R’Perspective: What’s hidden still stings

bullies and bullying

Everyone knows about the outwardly malicious form of bullying that involves overt force, harassment and sometimes violence. We’ve seen it in movies (such as “Mean Girls”), viral videos (such as World Star Hip-Hop) and even in our own high schools. It’s simply the most apparent kind of bullying because it involves a clear victim and a clear aggressor.

But, what about the type of bullying that doesn’t involve intimidation? The type of bullying that isn’t as obvious but nevertheless occurs, behind the scenes?

Even though it might not seem as psychologically damaging as outwardly malicious bullying, obscure forms of intimidation can be just as hurtful.

I personally experienced this when I was in high school. Because of my high-pitched voice that has been described as “screechy,” girls often looked at each other when I talked in class and would sometimes laugh because it was so odd to them. I eventually learned how to keep my mouth shut when I wanted to say something but, all throughout high school, I felt like there was constantly a piece of tape covering my mouth, preventing me from expressing who I was. In other words, I constantly tried to be someone else, someone who was quiet and passive, in order to prevent myself from being laughed at.

My physical appearance at the time was also the subject of covert bullying. I was under five feet, wore big glasses and had an unorthodox fashion sense, all of which pushed me even further into the crevices of rejection and negative judgment. I could tell, just by the way someone would look me up and down, even after it was clear that I acknowledged their scrutiny, that they were judging me. They stared at me like I was an animal. They didn’t say anything, yet their actions hurt just as much as their words.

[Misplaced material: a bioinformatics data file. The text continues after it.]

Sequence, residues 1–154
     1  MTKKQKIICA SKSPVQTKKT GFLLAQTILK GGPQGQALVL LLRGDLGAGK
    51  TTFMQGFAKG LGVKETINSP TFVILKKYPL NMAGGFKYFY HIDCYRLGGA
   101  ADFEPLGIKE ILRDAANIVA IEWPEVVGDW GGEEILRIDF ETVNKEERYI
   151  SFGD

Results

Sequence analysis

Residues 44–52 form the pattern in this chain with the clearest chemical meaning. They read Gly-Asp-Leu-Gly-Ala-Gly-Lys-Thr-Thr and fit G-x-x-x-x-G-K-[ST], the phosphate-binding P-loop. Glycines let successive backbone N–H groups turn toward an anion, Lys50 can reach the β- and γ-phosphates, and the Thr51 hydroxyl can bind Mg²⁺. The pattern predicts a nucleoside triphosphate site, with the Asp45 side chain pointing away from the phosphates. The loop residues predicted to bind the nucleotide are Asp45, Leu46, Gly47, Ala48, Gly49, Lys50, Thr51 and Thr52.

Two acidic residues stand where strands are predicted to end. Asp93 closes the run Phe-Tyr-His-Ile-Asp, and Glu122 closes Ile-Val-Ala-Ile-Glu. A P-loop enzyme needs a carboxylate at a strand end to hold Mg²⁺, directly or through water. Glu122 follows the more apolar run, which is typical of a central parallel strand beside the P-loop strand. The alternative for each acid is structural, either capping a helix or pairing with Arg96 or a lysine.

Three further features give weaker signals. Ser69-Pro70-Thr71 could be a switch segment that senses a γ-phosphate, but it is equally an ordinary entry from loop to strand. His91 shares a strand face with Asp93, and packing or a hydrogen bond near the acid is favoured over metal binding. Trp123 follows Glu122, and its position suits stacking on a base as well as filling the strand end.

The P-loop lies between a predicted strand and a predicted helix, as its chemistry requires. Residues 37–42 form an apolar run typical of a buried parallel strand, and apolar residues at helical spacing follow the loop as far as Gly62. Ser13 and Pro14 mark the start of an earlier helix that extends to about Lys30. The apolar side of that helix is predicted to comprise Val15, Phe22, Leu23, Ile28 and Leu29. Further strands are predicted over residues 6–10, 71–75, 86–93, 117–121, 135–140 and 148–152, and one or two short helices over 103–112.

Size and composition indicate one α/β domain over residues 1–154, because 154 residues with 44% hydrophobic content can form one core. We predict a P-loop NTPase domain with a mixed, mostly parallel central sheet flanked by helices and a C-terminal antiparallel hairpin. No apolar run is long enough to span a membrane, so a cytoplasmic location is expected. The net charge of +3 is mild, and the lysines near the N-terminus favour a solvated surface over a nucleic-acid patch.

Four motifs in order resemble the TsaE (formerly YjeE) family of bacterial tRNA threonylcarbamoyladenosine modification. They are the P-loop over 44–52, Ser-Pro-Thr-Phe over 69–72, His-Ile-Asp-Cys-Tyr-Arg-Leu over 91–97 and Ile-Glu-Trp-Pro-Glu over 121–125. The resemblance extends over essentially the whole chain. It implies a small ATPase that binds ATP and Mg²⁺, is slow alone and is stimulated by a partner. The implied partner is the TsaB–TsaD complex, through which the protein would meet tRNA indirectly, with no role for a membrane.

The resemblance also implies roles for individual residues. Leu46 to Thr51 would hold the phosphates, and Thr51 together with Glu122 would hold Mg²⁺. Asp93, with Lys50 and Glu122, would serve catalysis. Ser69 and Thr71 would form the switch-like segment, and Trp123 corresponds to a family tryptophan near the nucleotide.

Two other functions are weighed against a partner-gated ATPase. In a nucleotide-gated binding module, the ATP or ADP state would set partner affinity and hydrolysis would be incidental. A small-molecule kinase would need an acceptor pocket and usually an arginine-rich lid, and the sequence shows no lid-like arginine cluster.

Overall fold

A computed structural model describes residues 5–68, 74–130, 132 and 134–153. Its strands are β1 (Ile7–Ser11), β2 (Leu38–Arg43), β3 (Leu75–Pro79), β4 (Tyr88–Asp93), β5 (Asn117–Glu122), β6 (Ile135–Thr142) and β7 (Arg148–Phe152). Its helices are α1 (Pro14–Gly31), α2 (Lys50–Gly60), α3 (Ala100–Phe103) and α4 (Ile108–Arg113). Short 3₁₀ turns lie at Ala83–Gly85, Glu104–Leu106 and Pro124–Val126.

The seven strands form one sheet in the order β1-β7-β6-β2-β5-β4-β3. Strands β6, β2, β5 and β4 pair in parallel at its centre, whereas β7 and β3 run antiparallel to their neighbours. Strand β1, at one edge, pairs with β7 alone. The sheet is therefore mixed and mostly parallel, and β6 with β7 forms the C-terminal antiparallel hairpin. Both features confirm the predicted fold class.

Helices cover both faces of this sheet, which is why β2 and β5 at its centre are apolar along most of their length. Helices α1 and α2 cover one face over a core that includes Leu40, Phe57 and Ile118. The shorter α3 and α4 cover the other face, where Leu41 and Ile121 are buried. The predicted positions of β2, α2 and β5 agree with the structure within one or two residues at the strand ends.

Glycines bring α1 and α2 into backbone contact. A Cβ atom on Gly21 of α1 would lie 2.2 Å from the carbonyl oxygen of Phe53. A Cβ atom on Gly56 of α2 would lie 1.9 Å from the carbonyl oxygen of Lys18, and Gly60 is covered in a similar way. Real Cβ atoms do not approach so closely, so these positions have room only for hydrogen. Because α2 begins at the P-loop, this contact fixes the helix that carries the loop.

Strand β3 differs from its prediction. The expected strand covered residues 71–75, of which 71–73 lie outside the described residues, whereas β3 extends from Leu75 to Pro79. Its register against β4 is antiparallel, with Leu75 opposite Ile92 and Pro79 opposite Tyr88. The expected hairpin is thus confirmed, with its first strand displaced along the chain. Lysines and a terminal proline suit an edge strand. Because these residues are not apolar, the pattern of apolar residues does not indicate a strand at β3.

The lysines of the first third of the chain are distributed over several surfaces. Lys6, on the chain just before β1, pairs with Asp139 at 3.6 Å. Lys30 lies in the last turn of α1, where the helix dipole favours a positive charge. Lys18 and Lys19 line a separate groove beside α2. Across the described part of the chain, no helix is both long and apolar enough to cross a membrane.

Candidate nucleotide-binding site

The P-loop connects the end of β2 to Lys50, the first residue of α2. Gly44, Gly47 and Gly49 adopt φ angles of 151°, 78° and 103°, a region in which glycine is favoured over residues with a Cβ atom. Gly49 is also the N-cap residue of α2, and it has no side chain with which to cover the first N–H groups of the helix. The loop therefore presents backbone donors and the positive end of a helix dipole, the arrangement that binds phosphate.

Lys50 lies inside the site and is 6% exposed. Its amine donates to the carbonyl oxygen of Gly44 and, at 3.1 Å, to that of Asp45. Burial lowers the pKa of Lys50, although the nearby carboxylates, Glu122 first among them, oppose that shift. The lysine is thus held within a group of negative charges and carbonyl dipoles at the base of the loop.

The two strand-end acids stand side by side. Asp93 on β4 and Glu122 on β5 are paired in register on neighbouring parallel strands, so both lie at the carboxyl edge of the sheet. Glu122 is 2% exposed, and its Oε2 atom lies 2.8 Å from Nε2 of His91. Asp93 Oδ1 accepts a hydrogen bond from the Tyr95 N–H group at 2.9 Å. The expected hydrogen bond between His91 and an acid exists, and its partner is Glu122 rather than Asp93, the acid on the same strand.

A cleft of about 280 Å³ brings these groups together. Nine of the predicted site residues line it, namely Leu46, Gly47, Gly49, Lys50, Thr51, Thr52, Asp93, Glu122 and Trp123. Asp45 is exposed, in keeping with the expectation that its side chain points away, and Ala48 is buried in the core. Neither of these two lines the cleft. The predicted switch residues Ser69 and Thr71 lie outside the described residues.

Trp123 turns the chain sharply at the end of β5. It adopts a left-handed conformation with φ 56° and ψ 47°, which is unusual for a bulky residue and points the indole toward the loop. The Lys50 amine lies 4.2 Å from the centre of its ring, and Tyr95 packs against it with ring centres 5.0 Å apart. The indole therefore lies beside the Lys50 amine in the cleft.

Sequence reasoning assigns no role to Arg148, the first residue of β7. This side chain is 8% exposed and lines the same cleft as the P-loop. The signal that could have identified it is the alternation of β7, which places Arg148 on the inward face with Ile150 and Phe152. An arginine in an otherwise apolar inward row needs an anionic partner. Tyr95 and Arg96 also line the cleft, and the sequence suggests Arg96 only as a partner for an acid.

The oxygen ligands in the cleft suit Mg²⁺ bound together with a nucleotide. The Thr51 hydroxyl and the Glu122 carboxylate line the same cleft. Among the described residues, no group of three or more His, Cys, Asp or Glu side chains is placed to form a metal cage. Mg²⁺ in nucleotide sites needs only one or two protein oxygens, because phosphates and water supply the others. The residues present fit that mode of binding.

Perhaps the most upsetting instance was in my sophomore biology class, which I had with a girl named Sophie. Even though I had never had a conversation with Sophie before, it was obvious that she enjoyed ridiculing me with her friends and giggling whenever I spoke. Sophie sat right behind me where she could see my every move, making me feel like I was constantly being surveilled and someone behind the glass screen was just waiting for me to snap.

That happened one day when I had to give a class presentation. I was giving my part of the presentation when I tripped up my words. I briefly apologized then continued with my speech.  Apparently this was funny because Sophie started laughing uncontrollably. In fact, she started laughing so hard that her eyes closed up and she had to cover her mouth from being noticed by other people. It was the most humiliating feeling in the world to be laughed at that — like I was a comedy show. I was so incredibly funny — like a joke, like an object.

I was so upset that I approached her after class and asked her, “Do you have a problem with me?” She pretended as if she didn’t know what I was talking about and just walked away from me. If anything, I had only made things worse by confronting her because I had only made myself look angry and socially incompetent. Even more, I never told the teacher about this because I would establish myself as a “tattle-tale” if I did.

In many ways, I wished that Sophie had stolen my lunch money or pushed me up against a locker or even punched me in the face because at least with that type of bullying, it would be obvious that she was the culprit. That she was the offender.

Sophie’s actions continued to fly under the radar but they nevertheless hit me with just as much force as one clearly directed toward me. Even though she never touched me or stole anything from me, I still remember the way she laughed at me in class and made me feel like I was something less than a human.

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